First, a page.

Letters from Italy

Letter “C” :: Castagne vs Marroni


castagne_wp_1_fotor

Autumnal Bounty :: Chestnuts and Pomegranate | Photo ©Lonza65

I realize that autumn has arrived when the scent of roast chestnuts is in the air. Only after I smell it do I really think that summer is a faraway memory and I need to put on heavier clothes, as if my brain refuses to admit that the time for shorts and flip flops is over.

0032_chestnuts_artkey

Autumnal Bounty :: Sweet chestnuts in their spiky shell | Photo ©ArtKey

The word for chestnut is “castagna” [kastaɲɲa], but also “caldarrosta” (roast chestnut) or “marrone”. The Italian language uses “castagna” in the idiom “prendere qualcuno in castagna” i.e. a mild translation of the far more dramatic “to catch someone red-handed”. The plural “castagne” is present in the idiom “togliere le castagne dal fuoco” i.e. something like “to do the dirty job” on behalf of someone, in a rather unwilling disposition, though.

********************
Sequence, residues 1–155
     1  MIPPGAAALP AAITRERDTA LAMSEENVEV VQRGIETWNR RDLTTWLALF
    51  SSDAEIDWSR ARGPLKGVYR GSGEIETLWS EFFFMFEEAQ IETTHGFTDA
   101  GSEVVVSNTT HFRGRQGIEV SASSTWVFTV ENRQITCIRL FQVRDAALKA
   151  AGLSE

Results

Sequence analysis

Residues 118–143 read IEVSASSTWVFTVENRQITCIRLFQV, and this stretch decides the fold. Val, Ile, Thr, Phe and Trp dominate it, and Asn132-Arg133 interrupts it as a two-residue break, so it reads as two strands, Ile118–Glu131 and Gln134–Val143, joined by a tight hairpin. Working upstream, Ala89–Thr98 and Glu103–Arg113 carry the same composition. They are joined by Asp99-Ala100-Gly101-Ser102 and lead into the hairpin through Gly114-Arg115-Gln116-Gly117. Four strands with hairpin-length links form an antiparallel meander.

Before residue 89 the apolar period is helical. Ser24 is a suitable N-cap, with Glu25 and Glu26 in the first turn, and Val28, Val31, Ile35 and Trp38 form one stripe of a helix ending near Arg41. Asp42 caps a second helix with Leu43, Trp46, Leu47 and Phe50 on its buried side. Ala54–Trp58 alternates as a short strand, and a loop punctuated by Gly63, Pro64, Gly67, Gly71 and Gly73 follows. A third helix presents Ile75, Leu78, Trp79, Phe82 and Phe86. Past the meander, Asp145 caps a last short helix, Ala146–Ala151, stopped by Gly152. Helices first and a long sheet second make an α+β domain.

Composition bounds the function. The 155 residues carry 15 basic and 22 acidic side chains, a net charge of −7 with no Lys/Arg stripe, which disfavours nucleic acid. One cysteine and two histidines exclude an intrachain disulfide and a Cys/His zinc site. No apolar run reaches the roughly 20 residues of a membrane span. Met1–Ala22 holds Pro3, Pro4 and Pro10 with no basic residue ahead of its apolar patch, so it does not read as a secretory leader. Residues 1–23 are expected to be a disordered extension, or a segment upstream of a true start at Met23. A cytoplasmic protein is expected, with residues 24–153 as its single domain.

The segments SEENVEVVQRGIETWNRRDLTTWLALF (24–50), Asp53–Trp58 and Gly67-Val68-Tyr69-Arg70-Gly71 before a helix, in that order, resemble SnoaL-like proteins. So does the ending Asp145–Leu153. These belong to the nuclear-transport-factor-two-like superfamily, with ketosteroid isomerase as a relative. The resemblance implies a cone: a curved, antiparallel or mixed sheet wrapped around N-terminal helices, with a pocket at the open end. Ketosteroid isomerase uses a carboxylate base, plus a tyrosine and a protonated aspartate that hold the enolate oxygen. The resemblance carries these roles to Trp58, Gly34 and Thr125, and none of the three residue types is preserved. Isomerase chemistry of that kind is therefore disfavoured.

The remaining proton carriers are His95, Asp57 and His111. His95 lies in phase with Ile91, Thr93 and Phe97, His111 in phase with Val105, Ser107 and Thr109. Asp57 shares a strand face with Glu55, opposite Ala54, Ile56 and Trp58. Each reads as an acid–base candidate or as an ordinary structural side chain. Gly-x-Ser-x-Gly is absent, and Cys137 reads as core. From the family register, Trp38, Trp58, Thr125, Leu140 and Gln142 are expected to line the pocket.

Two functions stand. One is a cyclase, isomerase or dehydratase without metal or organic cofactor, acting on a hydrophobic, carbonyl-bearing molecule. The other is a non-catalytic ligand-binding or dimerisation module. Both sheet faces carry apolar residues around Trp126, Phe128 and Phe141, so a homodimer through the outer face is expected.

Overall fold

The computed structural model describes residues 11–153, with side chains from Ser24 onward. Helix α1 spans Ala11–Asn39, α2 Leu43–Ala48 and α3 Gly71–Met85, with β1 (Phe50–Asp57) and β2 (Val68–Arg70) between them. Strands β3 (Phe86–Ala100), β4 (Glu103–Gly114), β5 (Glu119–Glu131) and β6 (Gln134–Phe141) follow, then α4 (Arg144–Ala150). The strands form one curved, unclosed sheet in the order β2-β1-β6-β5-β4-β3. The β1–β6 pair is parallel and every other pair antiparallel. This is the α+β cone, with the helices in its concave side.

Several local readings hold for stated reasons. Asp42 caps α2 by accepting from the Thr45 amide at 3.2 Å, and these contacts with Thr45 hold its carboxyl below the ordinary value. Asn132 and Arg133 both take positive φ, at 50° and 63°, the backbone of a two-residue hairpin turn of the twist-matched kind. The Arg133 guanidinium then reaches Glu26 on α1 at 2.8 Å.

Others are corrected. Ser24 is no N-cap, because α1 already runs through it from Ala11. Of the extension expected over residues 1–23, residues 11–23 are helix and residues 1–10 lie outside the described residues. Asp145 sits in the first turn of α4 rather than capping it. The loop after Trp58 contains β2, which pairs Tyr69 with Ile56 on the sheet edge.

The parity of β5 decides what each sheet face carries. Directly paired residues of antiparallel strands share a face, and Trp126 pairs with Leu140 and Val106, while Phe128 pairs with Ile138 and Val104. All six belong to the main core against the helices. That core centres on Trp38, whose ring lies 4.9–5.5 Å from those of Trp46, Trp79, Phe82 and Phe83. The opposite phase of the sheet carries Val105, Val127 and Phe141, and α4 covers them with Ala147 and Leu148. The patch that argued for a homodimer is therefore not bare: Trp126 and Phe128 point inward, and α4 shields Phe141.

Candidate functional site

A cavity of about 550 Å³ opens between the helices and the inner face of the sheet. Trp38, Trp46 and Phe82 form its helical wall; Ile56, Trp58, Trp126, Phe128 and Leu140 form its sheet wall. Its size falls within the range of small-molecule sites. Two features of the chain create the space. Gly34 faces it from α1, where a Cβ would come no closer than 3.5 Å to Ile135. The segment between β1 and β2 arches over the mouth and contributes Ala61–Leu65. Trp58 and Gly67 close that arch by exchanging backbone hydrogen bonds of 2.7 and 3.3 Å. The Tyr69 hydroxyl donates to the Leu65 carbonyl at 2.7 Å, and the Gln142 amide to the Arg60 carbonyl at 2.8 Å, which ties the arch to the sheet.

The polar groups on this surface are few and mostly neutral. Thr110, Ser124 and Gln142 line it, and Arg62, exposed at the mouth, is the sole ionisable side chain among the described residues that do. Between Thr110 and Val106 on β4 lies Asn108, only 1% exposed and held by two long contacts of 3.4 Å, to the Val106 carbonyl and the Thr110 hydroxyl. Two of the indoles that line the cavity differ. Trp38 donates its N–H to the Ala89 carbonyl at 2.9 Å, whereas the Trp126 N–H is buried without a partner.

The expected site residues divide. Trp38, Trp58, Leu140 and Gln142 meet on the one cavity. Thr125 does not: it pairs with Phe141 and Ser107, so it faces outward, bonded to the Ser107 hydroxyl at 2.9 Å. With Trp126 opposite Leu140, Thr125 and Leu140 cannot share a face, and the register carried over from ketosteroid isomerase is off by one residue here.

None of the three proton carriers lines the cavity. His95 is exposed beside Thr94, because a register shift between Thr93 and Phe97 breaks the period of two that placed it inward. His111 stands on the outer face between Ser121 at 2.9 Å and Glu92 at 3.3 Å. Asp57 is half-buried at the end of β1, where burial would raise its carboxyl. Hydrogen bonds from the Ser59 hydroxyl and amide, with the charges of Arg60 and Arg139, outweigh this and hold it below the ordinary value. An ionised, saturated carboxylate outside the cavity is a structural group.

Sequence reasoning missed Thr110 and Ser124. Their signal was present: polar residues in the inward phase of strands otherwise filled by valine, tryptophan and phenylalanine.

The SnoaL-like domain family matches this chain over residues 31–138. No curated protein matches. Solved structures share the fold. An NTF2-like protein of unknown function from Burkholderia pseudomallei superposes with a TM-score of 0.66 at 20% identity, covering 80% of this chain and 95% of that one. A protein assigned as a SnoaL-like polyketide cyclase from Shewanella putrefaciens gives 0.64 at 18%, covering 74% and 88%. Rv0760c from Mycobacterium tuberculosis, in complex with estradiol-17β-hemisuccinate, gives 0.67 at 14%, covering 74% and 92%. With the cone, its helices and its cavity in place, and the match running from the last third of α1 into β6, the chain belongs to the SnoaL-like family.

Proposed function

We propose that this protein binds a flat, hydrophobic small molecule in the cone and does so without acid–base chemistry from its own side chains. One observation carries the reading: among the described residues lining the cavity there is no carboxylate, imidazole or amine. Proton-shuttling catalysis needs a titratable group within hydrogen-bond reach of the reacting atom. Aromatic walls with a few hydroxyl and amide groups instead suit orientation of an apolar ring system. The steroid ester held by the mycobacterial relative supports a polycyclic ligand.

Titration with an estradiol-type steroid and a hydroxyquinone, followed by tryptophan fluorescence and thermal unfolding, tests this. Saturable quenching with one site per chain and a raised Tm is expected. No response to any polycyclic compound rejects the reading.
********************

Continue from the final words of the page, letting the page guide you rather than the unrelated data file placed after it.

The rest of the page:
0022_chestnuts_artkey

Autumnal Bounty :: Sweet chestnuts in and out of their spiky shell | Photo ©ArtKey

Marroni (plural) are something that is advisable not to break, since its figurative meaning is the not-so-elegant “balls”: therefore, use it sparingly and in very informal circumstances. So, be careful not to “rompere i marroni” to someone otherwise you’ll be likely to receive a “castagna” in the face which, in this case it is not the fruit but a strong punch, kick or blow. Forewarned is forearmed.

0034_chestnuts_artkey

Autumnal Bounty :: Sweet chestnuts in their spiky shell | Photo ©ArtKey

Advertisements